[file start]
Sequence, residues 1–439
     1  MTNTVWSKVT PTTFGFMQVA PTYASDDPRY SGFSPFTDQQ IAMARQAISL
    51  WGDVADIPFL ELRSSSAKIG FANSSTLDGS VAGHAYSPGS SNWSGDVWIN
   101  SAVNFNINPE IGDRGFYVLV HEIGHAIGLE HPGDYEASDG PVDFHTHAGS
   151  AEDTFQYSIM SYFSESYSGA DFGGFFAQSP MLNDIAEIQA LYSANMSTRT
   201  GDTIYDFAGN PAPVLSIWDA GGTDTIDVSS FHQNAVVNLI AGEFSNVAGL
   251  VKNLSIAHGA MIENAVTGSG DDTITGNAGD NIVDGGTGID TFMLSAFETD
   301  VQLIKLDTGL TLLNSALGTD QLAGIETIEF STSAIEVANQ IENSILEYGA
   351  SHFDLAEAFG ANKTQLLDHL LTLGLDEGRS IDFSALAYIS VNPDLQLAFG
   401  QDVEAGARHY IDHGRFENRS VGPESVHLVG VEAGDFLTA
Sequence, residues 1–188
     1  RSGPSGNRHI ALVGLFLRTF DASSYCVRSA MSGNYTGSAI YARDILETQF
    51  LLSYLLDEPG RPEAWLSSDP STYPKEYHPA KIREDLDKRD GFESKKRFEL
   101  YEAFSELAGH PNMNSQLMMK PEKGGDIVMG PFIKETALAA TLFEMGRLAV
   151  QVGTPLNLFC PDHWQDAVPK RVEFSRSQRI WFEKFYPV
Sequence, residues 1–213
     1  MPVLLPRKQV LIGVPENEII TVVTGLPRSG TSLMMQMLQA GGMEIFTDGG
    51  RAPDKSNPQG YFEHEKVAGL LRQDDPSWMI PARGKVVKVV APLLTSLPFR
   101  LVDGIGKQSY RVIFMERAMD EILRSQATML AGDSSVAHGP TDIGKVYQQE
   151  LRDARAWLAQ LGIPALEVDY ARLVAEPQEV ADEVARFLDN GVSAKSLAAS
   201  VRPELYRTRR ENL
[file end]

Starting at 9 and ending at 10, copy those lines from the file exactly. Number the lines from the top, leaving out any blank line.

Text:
   351  SHFDLAEAFG ANKTQLLDHL LTLGLDEGRS IDFSALAYIS VNPDLQLAFG
   401  QDVEAGARHY IDHGRFENRS VGPESVHLVG VEAGDFLTA